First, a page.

Canada An American Nation

[1] Beer, George Louis, The English-Speaking Peoples, Their Future Relations and Joint International Obligations; New York, 1917, p. 190.

[2] Daniel Webster, speech May 7, 1834.

[3] A Study of this conference has been published: British Commonwealth Relations Conference, ed. by A. J. Toynbee, London, Humphrey Milford, 1934.

[4] For an interesting comment on the international aspects of the Conference discussions see The Drift Towards War in the Yale Review, 1934, by Philip Noel Baker, a member of the Conference.

[5] Journal of the Royal Institute of International Affairs, London, Nov. 1930.

[6] Dr. Alfred Zimmern chose the title The Third British Empire for his book embodying a series of lectures delivered at Columbia University under the auspices of the Julius Beer Foundation (New York, 1926).

[7] Kennedy, W. P. M., Documents of the Canadian Constitution, 1759-1915, Toronto, 1918.

[8] Idem., p. 191.

[9] Martin, Chester, Empire & Commonwealth; Studies in Governance and Self-Government in Canada, Oxford, The Clarendon Press, 1929, pp. 68-69.

[10] The full text of article four is given in The American Revolution: A Constitutional Interpretation, by C. H. McIlwain, New York, 1923, p. 115.

[11] The Writings of James Madison, ed. by Gaillard Hunt, New York, Putnam, 1910, VI, 373. Also Robt. L. Schuyler, Parliament and the British Empire, New York, Columbia University Press, 1929, pp. 196-97.

[12] Imperial Conference. 1926. Summary of Proceedings. Cmd. 2768, p. 14. Kennedy’s Documents of the Canadian Constitution, p. 703.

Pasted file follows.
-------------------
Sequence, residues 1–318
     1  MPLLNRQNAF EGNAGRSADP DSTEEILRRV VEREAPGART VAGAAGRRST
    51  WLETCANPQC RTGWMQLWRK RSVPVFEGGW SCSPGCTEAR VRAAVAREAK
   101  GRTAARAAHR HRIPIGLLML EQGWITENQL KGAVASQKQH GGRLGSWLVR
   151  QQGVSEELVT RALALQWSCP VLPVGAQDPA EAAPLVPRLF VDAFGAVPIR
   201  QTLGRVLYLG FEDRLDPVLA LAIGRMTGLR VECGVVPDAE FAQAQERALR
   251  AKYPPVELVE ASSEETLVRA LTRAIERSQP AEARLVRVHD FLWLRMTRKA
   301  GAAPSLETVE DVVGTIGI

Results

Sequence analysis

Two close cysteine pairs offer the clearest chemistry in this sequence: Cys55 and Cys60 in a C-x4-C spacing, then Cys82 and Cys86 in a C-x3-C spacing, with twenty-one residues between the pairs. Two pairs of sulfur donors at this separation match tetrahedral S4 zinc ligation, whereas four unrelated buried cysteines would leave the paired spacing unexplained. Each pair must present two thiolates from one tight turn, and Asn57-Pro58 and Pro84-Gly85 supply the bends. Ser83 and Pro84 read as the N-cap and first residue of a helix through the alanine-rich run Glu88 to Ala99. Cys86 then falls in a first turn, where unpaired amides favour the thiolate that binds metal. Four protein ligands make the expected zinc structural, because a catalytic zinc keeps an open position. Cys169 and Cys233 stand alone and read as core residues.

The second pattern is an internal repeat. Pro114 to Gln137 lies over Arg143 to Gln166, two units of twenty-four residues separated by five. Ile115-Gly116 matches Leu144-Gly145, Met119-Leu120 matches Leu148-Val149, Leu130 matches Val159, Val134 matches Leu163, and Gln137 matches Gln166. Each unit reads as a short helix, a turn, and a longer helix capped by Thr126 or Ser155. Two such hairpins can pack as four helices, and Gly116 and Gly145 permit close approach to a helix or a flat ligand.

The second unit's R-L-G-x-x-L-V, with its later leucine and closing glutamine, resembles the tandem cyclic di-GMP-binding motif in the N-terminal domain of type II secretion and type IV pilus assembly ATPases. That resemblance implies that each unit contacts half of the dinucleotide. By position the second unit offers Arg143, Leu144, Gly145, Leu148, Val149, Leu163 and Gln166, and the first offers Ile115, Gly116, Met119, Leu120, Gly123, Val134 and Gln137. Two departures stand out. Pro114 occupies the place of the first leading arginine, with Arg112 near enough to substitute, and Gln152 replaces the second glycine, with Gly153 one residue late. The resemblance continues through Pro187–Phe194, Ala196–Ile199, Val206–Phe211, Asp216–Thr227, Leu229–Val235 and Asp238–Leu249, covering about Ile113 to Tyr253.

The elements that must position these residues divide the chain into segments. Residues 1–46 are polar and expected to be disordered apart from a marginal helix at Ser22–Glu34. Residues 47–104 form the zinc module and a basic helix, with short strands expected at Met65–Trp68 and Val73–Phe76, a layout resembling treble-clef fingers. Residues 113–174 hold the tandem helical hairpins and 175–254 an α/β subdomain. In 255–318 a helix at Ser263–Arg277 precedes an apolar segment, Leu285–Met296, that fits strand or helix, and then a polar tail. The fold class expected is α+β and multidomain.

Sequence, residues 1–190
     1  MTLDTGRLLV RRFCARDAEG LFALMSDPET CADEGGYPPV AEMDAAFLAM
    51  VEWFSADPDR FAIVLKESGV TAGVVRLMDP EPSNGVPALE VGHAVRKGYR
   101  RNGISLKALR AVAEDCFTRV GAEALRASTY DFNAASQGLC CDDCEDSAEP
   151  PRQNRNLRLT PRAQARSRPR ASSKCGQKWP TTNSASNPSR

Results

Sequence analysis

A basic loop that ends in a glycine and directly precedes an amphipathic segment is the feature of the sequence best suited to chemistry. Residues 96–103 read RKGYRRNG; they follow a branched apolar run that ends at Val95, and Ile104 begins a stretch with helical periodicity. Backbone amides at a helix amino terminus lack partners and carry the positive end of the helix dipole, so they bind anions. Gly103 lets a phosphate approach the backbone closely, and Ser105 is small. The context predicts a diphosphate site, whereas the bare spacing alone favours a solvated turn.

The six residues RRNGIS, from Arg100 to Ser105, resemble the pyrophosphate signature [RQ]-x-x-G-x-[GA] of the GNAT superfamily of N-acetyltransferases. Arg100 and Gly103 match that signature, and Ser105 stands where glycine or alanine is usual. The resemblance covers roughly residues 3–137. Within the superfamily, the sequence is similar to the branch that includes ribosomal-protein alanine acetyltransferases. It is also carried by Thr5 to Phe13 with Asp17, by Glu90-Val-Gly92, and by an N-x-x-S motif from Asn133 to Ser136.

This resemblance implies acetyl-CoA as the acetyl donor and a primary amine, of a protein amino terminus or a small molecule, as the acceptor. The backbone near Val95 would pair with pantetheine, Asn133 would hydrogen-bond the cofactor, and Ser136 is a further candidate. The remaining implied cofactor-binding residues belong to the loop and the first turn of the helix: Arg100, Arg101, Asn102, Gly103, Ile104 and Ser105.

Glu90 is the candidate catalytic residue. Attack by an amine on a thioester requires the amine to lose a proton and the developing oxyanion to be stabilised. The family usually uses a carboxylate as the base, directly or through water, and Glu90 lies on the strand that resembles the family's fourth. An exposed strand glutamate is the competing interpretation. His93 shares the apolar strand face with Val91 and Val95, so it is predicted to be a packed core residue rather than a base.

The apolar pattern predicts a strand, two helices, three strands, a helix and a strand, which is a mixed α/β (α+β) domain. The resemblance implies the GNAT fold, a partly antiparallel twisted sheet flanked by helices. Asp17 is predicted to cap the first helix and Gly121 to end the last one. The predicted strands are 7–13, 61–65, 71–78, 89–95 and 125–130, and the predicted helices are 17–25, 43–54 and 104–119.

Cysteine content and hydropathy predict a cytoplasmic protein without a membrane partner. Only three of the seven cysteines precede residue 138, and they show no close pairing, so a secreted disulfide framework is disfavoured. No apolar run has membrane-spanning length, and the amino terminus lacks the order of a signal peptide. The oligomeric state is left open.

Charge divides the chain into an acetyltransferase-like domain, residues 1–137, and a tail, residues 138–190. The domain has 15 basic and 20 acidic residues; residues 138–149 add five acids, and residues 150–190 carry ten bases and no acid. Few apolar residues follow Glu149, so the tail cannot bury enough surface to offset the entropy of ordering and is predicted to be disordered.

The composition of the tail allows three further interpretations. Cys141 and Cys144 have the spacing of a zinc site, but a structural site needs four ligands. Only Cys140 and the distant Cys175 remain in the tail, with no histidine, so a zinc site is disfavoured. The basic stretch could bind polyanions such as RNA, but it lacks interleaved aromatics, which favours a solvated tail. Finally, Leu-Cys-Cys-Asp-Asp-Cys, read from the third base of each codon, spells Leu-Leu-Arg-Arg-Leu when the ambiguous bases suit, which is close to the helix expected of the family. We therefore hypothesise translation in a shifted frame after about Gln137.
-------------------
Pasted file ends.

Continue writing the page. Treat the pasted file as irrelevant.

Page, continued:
[13] Quoted in McIlwain’s American Revolution, p. 123.

[14] Munro, W. B., American Influences on Canadian Government, Toronto, 1929, p. 48.

[15] Egerton, H. E., The Origin & Growth of the English Colonies and of Their System of Government; An Introduction to Mr. C. P. Lucas’s Historical Geography of the British Colonies, Oxford, The Clarendon Press, 1903, p. 16.

[16] Kennedy’s Documents of the Canadian Constitution, 2d. ed., pp. 199 ff.

[17] The Correspondence of Lieut. Governor John Graves Simcoe, with Allied Documents Relating to His Administration of the Government of Upper Canada. Collected and edited by Brigadier General E. A. Cruikshank … for the Historical Society. Ontario, 1923-31, pp. 17-18. Hereafter referred to as the Simcoe Papers.

[18] Simcoe to Portland, Jan. 22, 1795, Simcoe Papers, p. 265.

[19] Russell to Thomson, Oct. 16, 1839, Kennedy’s Documents of the Canadian Constitution, p. 423.

[20] The text of the constitutional declaration adopted by the Imperial War Cabinet, 1917, at the instance of Sir Robert Borden, Prime Minister of Canada, will be found in Kennedy’s Documents of the Canadian Constitution, p. 698. It declared that the impending readjustment of the constitutional relations of the component parts of the Empire “should be based upon a full recognition of the Dominions as autonomous nations of an Imperial Commonwealth.” See also Zimmern, The Third British Empire, p. 28.